Do they profess a rejection of the elites?
For them, New York is the “People’s Republic of New York”. It’s an insult to who they are and what they believe in. The majority of my classmates were followers of this American evangelical theism mixing religious extremism and racism, radically removed from European Protestantism. We were in that logic. For them, New York exudes the Jewish intellectual, leftist and democrat.
Is the level of violence in American society directly correlated to the ease of access to purchasing guns?
It’s obvious. But it is not only necessary that the weapons are available. This violence is also born of a malaise, a rage, a human shipwreck. We enter the field of psychopathology. The cultural environment also plays a role, in the sense that it favors certain behaviors more than others. On the mode “I will shoot in the heap. Then I will either kill myself or be killed by the police. But what is certain is that I will be on CNN. We’ll talk about me. And I’ll show who I really am.” The road is marked to express its perversion, its destructiveness and its megalomania. It’s a vicious circle. How to get out? There are approximately four hundred million guns in the United States. Reducing the sale is an objective to be achieved. But in the immediate future, what do we do with these weapons and these billions of ammunition?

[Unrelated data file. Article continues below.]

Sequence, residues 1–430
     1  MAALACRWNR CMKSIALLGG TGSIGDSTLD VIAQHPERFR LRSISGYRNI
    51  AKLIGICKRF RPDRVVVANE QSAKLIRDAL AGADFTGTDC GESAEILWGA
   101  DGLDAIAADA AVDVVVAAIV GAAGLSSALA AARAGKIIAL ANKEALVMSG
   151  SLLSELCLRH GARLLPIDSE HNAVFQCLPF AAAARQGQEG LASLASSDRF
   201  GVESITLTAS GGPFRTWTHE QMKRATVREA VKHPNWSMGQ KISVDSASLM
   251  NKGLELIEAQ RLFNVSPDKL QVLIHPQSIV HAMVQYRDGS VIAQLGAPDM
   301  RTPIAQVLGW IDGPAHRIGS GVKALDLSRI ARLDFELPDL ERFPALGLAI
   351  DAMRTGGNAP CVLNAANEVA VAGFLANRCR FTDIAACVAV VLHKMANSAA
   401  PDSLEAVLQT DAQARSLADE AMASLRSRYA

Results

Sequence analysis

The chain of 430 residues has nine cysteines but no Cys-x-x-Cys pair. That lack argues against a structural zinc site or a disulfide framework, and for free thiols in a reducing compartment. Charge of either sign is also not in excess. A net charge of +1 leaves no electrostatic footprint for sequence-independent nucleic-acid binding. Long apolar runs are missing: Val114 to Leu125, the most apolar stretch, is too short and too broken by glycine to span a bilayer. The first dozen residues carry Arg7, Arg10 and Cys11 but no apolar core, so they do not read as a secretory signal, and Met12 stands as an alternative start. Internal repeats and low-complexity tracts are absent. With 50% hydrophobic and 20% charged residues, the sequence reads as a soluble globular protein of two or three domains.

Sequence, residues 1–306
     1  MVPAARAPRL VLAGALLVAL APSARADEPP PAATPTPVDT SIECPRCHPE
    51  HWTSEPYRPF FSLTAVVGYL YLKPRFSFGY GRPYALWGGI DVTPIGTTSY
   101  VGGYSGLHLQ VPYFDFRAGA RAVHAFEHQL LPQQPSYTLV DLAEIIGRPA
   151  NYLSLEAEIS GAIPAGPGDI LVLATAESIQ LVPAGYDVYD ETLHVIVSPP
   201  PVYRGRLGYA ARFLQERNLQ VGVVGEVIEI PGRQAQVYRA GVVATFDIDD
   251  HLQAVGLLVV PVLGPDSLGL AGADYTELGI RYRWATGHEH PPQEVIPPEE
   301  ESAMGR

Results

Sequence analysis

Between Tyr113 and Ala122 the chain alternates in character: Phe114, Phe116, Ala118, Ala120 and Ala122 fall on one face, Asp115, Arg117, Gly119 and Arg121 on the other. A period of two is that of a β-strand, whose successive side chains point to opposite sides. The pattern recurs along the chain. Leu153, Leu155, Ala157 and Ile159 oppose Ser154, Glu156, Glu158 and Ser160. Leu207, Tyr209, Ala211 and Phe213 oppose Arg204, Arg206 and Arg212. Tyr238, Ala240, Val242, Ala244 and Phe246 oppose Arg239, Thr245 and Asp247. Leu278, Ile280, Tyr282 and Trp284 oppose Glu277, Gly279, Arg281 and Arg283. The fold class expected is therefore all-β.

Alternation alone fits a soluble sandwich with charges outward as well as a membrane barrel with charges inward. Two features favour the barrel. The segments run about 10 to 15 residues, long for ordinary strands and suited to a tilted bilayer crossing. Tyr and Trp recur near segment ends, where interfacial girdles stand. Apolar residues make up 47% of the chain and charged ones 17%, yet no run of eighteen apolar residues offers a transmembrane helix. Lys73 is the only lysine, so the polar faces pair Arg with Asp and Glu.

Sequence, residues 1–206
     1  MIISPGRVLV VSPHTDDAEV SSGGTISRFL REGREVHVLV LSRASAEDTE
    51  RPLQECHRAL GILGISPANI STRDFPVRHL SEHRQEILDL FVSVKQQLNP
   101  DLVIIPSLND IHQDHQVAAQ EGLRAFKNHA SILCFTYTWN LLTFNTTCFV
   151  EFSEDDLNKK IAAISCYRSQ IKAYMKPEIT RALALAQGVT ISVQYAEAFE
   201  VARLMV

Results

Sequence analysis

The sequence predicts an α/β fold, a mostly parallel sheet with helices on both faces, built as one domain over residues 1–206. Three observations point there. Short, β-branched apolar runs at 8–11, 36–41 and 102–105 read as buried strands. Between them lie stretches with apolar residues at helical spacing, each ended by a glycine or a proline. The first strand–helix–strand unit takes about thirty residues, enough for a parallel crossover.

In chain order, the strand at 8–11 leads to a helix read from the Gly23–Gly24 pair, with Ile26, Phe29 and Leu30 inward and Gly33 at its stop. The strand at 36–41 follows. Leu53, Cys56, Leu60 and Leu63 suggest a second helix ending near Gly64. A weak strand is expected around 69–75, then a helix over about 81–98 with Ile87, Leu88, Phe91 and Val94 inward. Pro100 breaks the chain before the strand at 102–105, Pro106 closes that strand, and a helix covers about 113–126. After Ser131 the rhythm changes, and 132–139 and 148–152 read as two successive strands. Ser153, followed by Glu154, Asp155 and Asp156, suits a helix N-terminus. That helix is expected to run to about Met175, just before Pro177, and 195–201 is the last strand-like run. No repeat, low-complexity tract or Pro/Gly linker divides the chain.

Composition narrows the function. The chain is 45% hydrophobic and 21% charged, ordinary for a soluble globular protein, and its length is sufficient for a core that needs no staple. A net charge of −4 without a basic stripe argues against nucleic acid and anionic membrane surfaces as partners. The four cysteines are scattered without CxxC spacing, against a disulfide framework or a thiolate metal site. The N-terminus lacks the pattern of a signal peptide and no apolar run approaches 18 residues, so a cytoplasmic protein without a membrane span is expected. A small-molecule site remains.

How to explain the paralysis of the political world in this area?
In a truly villainous way, the Republican Party defends unconditional access to the purchase of weapons by promoting a dangerous and pathogenic American identity. The second amendment to the Constitution, written in 1791, speaks of “armed militia”. The fact that individuals personally possess weapons does not necessarily constitute a militia, a function assumed by the National Guard. To consider this text as untouchable, as the Republicans still did after the Uvalde massacre, is not only irresponsible and murderous but also a scam. And this, especially since the weapons in question in 1791 have absolutely nothing to do with the lethal power of those of today.
Democrats are doing what they can, only the equation is nearly impossible to solve.
Wouldn’t a medium term still be possible, by limiting the sale of certain weapons or by strengthening controls on buyers?